Right, finally got round to uploading most of my Zambia pics to Flickr. Didn’t actually take that many (and even less that are any good) because we had the amazing Brenda with us for that. Mostly, I was busy taking notes and writing.
Lovely night last night at Ross Atherton’s (editor of PC Gamer) leaving party. He’s off to do exciting things in Paris. As it was also the first time I’d met up with Bath people since getting back from Zambia, obviously there were lots of questions about how it all went. Mostly the evening was spent deflecting questions – I won’t feel proud of the trip until we’ve actually raised some serious cash – but it did make me think of this story from the Economist, which I read while overseas.
The premise is that living overseas enhances your creativity. Sounds like a romantic notion cultivated by want-to-be Hemmingways, but psychologists reckon they’ve found a link. It’s a couple of weeks old now, as a story, and I only mention it because it’s rung very true for me this week.
I’ve written a lot since I got back – mostly laptop reviews for Stuff and finishing off bits and bobs for Gamer. (An aside – The Samsung X360 is awesome, by the way, although I don’t think I’ll be trading in my Eee 901 for anything else any time soon after its performance in Africa.) I’ve not had any time to work more on the LAO blog, or post much here. The thing is, while we were in Zambia, I couldn’t stop writing – I was exercising all kinds of journalistic skills that have lain dormant for a while and really enjoying work again. There are even – heaven forbid – a few short stories plotted out among my notes.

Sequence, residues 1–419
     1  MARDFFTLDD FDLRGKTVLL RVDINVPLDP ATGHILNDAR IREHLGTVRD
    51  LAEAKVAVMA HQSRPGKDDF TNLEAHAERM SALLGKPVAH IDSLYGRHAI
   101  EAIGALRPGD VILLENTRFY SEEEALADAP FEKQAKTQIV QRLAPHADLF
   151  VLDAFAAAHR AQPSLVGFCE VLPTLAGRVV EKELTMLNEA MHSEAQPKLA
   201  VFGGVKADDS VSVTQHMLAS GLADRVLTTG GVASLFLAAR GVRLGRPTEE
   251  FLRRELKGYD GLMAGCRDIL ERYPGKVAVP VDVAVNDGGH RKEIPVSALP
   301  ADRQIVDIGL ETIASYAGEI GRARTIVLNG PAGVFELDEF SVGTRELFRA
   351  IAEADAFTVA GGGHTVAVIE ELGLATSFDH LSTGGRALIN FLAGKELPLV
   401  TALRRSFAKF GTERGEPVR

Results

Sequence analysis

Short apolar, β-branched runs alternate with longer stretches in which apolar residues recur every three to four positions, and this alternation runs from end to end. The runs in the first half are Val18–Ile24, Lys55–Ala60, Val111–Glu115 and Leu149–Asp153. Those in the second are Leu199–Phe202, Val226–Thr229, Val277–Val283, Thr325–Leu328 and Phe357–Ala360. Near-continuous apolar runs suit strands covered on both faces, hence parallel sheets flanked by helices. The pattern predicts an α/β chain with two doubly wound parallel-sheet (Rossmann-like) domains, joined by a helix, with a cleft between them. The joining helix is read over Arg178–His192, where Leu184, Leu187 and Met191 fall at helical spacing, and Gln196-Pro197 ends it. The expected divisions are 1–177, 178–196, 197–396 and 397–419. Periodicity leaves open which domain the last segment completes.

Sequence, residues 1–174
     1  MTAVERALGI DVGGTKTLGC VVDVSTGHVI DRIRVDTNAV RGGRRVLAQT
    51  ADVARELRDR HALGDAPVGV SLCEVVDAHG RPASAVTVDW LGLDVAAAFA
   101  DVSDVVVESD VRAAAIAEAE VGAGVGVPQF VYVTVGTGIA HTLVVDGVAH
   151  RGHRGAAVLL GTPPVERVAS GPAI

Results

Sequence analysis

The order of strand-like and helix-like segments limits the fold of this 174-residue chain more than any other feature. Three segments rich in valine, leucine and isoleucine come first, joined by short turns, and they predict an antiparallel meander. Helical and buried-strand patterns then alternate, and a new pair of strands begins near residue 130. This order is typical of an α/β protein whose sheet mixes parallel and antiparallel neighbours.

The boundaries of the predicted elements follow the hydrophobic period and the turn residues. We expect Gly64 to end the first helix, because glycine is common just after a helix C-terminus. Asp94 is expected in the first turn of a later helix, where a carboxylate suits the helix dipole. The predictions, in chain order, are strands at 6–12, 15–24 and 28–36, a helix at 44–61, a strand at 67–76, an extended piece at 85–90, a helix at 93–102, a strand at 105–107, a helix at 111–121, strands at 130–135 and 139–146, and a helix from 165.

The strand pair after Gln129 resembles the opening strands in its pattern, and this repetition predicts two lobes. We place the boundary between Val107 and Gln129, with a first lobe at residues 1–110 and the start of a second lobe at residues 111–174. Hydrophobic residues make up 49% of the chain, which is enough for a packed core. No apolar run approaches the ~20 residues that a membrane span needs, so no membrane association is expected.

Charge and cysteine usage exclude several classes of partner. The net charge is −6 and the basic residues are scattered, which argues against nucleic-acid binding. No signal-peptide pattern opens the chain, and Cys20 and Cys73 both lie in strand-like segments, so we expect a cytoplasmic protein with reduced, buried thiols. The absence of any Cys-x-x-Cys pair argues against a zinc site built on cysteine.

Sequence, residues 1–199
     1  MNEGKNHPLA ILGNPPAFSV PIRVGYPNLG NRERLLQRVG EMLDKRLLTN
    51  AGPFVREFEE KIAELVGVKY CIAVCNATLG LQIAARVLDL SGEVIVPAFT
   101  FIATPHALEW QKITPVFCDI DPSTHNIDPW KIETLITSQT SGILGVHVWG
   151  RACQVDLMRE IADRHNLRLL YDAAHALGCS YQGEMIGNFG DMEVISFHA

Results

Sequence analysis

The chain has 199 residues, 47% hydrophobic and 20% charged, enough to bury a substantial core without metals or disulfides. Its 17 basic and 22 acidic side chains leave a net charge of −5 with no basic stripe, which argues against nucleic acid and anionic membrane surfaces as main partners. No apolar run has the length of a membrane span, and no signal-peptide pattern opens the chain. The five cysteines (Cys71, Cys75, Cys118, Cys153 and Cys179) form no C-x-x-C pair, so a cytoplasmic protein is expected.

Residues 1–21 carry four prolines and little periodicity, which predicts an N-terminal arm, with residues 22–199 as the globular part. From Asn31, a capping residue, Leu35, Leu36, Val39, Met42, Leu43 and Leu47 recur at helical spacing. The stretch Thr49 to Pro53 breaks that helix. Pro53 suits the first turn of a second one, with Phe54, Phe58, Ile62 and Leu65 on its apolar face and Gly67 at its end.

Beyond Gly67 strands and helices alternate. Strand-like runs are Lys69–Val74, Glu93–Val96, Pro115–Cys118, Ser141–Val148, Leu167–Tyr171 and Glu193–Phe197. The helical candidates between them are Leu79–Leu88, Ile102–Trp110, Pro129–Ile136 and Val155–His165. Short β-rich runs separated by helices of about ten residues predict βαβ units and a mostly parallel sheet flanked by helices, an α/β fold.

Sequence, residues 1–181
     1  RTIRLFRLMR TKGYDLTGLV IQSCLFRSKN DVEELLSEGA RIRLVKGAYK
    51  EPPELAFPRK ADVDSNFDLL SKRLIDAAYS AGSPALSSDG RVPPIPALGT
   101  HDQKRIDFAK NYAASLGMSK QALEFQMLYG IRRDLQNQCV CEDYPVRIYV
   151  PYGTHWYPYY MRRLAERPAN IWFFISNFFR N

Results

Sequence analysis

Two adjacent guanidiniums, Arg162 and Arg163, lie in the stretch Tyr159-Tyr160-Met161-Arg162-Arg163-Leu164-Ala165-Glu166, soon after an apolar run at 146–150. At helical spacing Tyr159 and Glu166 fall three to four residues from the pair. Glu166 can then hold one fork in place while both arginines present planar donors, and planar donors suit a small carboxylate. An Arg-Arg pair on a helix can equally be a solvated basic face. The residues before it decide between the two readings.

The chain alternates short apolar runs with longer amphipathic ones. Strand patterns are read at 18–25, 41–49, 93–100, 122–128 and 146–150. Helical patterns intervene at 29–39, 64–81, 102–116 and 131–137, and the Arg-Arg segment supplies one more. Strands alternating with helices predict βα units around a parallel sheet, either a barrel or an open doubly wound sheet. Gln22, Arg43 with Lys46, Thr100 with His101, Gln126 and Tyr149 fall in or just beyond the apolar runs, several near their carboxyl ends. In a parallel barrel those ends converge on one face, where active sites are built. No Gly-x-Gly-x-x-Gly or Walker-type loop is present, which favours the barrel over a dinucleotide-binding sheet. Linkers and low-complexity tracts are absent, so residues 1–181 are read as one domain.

Now there’s a real danger of falling back into the same old routines again – working to deadlines, only writing for money, feeling exhausted because of the enforced early mornings which having a three year old daughter brings. This must be avoided at all costs – but it feels strangely hard.
So, two new targets are set. First up, I need to help Steve actually gain some profile for LearnAsOne and raise the money we need to build the school in Simakakata. Secondly, I need to find a job overseas. I don’t think I’ll ever move as a freelance, it’s just too much of a risk.
OK – my curiousity needs sating. Spotted this farm in the middle of what looked like salt flats or something while flying from Joburg to Livingstone two weeks ago. Anyone know what grows in fields that look red from the air?
…this was a new pair of boots. Most of the kids we trudged around with were barefoot.
Just time for one last bundle of thoughts before the plane leaves. Plenty more to write up later, but for now, this will have to do.
It’s as easy to play armchair politics as it is to be the world’s greatest football manager from the comfort of your couch. All the same, it’s impossible not to get frustrated when you know there’s a really simple solution to a major problem.
One thing about Simakakata has been bugging me, and asking a few questions has left me wanting to scream.